Artists look at themes more creatively than other people. Take the Cheyenne Artist Guild‘s current “Love of Red Show.” The only requirement was that the artists submit a work including some hue of red, and the results are astoundingly diverse.
From red robins and warm autumn leaves to red-robed monks and a red-shirted fisherman casting a wide net, the show includes subjects both familiar and completely foreign to the high plains of Wyoming, yet they’re united in the color they all feature.
New Artist Guild member Eduardo Sotelo produced two pieces for the show, and his take on the theme varied for both.
In “North American Beauties,” the acrylic painter drew inspiration from a photo of a red rock landscape he took on a trip to Moab, Utah. He recreated the photo with his paintbrush, and then combined it with the recreation of a photo he took of a model posing in Denver. Combined, the painting shows two natural beauties – one of the West’s most photographed landscapes and the natural beauty of a young woman.
His other work currently on display depicts colorful South American birds that many people in Cheyenne will never see in person, Sotelo said. So he wants to bring people to South America via his art.
“Everything evolves from the same thing, exotic beauty,” he said. “Something that will catch your eye.”
Sotelo, a foreman who works for the city, has had an interest in art ever since his first art class his freshman year of high school in Garden City, Kansas. He took the class on a whim, just for another credit, but was quickly taken by the creative outlet. After an art teacher started encouraging him and his emerging talent during his sophomore year, he submitted work to a school art contest. The winner would be treated to an educational trip to Sante Fe, New Mexico, and he had his eyes on the prize.
Sure enough, Sotelo’s work paid off. He won Best in Show, and his brother got to accompany him on the trip. They spent a week visiting New Mexican galleries and learning about Western art.
“That opened my eyes a little bit,” he said. “If I was going to be that good, I knew I had to do something about it.”
He continued to paint, and even got into some sculpture work, but then the recession hit. It was 2007, and his art wasn’t selling. People didn’t have the budget to buy paintings when they could barely pay their mortgage, so instead of going into art full-time, he worked his way up the ranks at McDonald’s and continued to create on his own time.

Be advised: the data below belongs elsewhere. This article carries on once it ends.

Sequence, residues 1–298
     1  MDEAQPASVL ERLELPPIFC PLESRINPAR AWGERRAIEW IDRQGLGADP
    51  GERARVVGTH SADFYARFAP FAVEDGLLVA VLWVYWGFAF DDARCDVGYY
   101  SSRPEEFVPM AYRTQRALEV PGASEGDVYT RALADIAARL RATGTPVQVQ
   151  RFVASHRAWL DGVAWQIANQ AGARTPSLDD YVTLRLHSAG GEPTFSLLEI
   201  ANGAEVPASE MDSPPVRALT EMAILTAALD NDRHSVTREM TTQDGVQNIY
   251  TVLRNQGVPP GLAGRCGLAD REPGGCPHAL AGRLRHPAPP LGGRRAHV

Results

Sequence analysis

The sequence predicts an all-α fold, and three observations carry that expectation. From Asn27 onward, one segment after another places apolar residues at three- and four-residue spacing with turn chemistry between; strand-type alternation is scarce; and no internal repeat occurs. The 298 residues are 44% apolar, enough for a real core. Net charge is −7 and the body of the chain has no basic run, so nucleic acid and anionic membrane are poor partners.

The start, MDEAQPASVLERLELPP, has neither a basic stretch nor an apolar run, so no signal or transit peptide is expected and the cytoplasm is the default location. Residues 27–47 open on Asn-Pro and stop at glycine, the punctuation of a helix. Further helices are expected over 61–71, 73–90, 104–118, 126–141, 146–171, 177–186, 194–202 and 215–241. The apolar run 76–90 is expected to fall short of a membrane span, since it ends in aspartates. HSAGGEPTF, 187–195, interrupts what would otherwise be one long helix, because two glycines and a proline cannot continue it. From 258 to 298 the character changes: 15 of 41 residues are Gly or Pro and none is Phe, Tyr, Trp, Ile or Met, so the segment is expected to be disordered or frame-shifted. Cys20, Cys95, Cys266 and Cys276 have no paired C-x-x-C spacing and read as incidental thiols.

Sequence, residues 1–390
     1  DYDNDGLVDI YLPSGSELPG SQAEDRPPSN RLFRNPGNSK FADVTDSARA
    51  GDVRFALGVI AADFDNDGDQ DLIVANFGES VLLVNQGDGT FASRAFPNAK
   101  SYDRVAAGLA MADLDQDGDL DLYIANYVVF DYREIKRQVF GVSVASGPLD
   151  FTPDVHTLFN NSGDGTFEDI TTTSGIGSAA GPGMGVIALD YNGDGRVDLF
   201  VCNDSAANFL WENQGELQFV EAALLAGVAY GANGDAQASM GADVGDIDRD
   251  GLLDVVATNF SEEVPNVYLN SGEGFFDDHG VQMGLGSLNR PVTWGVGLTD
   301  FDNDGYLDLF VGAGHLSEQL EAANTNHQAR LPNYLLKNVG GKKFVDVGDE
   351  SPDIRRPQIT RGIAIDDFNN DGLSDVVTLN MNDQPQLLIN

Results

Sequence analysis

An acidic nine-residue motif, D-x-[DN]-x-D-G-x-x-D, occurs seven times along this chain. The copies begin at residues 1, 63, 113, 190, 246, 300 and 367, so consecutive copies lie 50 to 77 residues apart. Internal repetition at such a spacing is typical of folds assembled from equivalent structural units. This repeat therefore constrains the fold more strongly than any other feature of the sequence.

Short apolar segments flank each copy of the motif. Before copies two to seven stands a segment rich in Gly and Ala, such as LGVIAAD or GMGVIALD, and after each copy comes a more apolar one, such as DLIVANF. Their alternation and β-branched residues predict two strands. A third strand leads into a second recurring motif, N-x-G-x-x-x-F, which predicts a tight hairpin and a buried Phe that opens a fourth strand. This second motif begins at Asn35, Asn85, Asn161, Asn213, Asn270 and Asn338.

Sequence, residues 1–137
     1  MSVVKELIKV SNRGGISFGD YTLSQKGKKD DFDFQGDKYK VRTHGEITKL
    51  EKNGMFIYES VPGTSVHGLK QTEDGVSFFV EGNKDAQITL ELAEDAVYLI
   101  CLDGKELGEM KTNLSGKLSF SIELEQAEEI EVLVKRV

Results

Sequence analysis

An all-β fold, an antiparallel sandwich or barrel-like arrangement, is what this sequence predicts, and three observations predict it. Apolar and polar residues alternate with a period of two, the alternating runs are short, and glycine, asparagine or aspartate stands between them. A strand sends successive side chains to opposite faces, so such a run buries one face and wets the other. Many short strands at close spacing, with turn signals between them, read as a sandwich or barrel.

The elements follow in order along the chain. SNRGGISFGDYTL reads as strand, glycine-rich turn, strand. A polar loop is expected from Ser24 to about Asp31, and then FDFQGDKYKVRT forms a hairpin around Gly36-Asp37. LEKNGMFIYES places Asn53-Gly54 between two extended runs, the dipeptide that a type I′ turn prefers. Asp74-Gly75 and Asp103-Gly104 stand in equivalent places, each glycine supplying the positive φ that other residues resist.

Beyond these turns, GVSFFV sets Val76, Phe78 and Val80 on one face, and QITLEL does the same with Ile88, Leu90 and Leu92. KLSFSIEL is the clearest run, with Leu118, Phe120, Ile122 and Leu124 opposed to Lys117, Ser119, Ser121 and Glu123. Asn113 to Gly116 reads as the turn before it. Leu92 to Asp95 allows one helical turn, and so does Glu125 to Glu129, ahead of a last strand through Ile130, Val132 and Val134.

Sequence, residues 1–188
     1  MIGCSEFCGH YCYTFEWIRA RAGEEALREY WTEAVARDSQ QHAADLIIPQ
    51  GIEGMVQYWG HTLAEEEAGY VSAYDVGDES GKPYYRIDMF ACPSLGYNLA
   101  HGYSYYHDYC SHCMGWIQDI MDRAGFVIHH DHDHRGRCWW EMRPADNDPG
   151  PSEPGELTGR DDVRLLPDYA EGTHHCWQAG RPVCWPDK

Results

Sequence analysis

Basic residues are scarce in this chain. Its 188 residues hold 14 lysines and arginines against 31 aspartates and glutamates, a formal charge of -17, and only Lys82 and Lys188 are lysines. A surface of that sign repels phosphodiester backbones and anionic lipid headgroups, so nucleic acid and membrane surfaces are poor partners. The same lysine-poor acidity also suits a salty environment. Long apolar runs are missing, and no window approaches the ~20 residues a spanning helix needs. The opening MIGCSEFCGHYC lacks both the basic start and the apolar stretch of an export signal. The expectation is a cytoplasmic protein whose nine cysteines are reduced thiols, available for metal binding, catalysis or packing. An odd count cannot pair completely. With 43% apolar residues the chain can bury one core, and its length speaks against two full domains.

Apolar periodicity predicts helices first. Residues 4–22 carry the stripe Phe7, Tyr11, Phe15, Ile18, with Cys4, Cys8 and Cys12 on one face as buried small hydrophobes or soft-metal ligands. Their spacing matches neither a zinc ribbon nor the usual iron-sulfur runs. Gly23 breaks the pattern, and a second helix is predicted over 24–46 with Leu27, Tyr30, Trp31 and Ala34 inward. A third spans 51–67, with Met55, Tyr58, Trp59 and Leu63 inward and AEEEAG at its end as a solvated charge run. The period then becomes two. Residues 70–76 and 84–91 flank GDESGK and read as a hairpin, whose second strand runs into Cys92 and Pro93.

He eventually went into construction, but he never let go of his artistic ambitions. One of the sites he’s now in charge of as a foreman in the parks department is Holliday Park, so he was first exposed to the Artist Guild after spending many breaks wandering through the gallery.
“I immediately just relax and enjoy my time there – I wanted that gallery to be my first gallery to display some of my artwork,” he said. “I wanted to take this opportunity to follow my dreams … and give this town something else to see.”
Sotelo’s style of painting is very colorful, and often features animals, landscapes and people in which he finds a striking beauty. He also paints nude portraits, which he understands aren’t for everyone, but is still disappointed that no Cheyenne galleries will show them.
“A lot of people freak out and close their eyes, but in reality the human body is a beautiful thing,” he said. “You go to Colorado, and they’re providing some of that artwork, so that’s a new thing I want to bring into this town.”
Sotelo’s dream is to have his own gallery in town, and he has plans to open one by the end of the year. He said it’ll feature both his own work (including nudes, but those will be in a secluded area for those who would rather not see them) and that of other artists he’s connected with locally.
His city job introduces him to many young people, especially those who are hired for seasonal work during the summer, and that’s how he’s met several artists creating in their homes who haven’t showed anywhere yet. He wants to give people like that a space to display their art proudly and maybe even make some money off of it.
“Some (of that work) I could see in New York, it’s just mind blowing,” he said. “I want to get it out there.”